The exhibition continues in the Marron Atrium with some of Polke’s earliest works, alongside notebooks and publications from throughout his career. Polke made most of the works in this section in his twenties, while a student at the Kunstakademie Düsseldorf, an influential art school where many of the major German artists of his generation studied. For this generation, the bravado of Pop art, which went hand in hand with the spread of American culture, was both a fascination and a target. By adopting an adamantly clumsy approach to figuration in his earliest drawings and paintings, he offered a sharp critique of consumerist behavior and popular taste, with its desire for both sleek new furnishings and kitsch decorative elements. As the juxtaposition of images and contradictory approaches in his notebooks demonstrate, Polke remained a contrarian throughout his life.

The first gallery within MoMA’s Contemporary Galleries begins with Polke’s work in the 1960s, when he examined the desires and drab realities of postwar reconstruction by singling out images of food, housing blocks, and symbols of the often unrequited longing for leisure. His source images were frequently drawn from newspapers and magazines, where the topics of the day occupied the same page as cartoons and advertisements. Polke was particularly interested in the halftone reproductions (images made up of grids of tiny dots that the eye blends to form a picture) that were common in cheaply printed mass media. From 1963 onward, Polke created a series of paintings in which he painstakingly transcribed—albeit not always faithfully—the dots of his halftone source. He often began by spraying a layer of paint through a perforated metal sheet; to these dots he added others by hand. By creating or amplifying distortions in his source images, he undermined the photographs’ alleged fidelity to reality and collapsed the distinction between figuration and abstraction. Works on view include Chocolate Painting (1964), Girlfriends (1965/66), and Japanese Dancers (1966).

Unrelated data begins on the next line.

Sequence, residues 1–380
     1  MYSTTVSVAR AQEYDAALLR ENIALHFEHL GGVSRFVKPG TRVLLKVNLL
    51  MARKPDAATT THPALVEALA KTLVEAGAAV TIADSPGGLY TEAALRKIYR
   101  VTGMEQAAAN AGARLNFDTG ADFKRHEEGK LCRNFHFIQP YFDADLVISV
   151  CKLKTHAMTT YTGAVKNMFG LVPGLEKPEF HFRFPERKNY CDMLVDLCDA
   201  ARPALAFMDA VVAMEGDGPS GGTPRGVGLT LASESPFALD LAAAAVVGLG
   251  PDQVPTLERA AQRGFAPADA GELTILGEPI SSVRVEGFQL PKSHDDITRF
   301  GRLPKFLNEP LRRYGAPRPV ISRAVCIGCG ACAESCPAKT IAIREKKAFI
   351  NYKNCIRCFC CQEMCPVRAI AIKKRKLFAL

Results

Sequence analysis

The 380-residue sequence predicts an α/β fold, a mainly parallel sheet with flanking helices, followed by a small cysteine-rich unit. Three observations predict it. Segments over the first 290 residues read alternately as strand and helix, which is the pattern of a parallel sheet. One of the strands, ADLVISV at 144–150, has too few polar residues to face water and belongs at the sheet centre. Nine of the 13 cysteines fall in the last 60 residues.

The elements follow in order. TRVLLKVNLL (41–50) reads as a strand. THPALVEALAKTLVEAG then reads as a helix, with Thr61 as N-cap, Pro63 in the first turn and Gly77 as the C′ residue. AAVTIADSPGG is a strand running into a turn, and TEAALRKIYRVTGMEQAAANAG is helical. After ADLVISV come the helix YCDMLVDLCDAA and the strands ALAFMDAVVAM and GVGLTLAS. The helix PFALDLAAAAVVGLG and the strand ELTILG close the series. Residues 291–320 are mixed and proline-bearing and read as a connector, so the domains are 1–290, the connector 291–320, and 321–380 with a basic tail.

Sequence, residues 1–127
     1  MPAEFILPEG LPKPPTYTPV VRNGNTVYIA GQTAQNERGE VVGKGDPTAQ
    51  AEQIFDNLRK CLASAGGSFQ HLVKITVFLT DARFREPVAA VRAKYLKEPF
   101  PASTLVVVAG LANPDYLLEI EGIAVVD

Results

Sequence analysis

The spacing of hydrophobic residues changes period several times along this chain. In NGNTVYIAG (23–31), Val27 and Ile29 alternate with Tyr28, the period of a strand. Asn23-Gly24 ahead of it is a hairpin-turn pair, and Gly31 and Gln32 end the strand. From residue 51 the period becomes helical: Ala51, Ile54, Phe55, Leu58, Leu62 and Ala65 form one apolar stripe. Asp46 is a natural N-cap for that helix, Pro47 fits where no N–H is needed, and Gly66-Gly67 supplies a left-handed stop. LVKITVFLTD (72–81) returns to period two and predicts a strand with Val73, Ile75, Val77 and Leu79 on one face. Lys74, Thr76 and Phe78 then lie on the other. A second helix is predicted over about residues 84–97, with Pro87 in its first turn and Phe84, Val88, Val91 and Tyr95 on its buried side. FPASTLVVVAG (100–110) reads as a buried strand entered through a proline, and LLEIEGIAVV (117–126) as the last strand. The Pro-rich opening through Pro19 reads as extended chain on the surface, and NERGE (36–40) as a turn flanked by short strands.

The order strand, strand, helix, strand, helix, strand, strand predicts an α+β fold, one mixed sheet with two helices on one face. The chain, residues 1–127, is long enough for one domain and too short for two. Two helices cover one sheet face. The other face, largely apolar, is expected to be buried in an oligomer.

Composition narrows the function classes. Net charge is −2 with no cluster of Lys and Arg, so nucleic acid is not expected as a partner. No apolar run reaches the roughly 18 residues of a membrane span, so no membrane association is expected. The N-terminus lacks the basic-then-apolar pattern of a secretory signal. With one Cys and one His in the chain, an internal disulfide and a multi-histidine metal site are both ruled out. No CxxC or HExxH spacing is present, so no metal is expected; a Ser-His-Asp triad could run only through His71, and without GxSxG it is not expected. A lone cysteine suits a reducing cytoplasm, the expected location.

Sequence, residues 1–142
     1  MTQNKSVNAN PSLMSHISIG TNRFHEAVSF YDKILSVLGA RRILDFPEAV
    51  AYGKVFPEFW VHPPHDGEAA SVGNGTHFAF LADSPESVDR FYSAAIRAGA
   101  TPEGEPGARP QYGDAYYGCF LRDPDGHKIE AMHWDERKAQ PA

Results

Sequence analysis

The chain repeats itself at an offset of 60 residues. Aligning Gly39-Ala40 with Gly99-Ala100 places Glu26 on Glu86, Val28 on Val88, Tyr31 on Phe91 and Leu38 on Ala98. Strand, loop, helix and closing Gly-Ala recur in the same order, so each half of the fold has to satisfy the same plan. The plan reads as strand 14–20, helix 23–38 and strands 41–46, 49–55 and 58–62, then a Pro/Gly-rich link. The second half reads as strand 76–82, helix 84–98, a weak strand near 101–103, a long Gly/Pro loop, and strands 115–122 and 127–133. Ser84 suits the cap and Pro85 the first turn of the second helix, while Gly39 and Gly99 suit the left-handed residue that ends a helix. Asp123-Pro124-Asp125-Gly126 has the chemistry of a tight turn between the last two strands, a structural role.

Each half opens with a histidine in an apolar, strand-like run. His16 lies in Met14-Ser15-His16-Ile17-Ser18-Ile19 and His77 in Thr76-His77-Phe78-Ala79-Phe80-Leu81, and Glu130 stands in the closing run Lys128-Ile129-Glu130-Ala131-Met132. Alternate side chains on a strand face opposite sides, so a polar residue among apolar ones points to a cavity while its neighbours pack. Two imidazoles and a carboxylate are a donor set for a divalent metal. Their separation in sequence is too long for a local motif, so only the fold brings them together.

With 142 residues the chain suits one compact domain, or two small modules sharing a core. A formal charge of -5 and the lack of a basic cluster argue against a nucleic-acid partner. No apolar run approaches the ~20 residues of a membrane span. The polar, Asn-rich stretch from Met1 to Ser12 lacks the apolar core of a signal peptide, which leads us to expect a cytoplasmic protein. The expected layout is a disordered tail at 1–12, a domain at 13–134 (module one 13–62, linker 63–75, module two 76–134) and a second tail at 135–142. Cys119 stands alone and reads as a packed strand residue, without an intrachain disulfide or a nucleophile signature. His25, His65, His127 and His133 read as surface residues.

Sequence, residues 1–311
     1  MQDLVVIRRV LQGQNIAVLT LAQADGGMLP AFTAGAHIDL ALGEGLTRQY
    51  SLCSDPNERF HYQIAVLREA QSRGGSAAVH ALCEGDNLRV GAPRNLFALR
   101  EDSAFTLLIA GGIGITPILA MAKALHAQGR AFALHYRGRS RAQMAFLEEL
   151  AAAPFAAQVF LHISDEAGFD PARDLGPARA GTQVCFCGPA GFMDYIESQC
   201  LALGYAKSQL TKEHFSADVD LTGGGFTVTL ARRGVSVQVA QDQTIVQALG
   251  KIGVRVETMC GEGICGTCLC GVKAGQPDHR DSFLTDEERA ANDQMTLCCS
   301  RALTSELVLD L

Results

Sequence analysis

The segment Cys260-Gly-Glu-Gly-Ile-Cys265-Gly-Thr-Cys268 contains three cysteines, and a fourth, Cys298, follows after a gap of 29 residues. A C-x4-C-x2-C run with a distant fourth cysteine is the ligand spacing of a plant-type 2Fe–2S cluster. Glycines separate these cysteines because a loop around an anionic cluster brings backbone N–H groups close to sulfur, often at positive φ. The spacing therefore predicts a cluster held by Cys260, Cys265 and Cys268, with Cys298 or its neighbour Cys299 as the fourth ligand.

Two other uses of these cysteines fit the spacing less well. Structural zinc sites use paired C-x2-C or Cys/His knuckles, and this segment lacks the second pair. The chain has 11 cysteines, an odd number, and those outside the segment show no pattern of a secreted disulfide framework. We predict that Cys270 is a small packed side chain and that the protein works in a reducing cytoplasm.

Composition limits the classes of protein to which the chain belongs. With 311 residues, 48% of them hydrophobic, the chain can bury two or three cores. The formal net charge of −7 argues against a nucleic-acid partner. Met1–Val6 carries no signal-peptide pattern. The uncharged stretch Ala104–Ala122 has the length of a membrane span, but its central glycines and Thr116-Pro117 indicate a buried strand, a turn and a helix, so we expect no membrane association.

The exhibition continues with Polke’s work from the late 1960s, when he repeatedly treated himself as a test subject and manipulated the structures of science to question its rationality. By taking on such varied guises as a palm tree, his own doppelgänger, and a telepathic medium, he embodied his own fluctuating view of reality. Against the backdrop of worldwide political and cultural upheavals and the space race between the USSR and the United States, Polke made it clear that the aims of science, such as precision, measurement, and objectivity, were not necessarily utopian or progressive. For Cardboardology (1968–69) and People Circle (1968), he used office materials such as cardboard, ballpoint pen, and twine to reflect how, despite the flimsiness of the science behind Nazi eugenics, a huge bureaucracy charged with the extermination of millions of people had developed around it. The works in this gallery also represent Polke’s caustic dialogue with art from the past and present. In the drawing Constructions around Leonardo da Vinci (1969), Polke’s ambiguous respect for and skepticism about the station of artists in society is exemplified by an ironic but fond alignment of himself with the great Renaissance scientist and artist. The Large Cloth of Abuse (1968), with its aggressive insults hurled across the canvas in a style reminiscent of Jackson Pollock’s famous drip paintings, is an assault on both the veneration of Abstract Expressionist painting and the subsequent emergence in the 1960s of Conceptual art, which often used analytical language as a primary medium.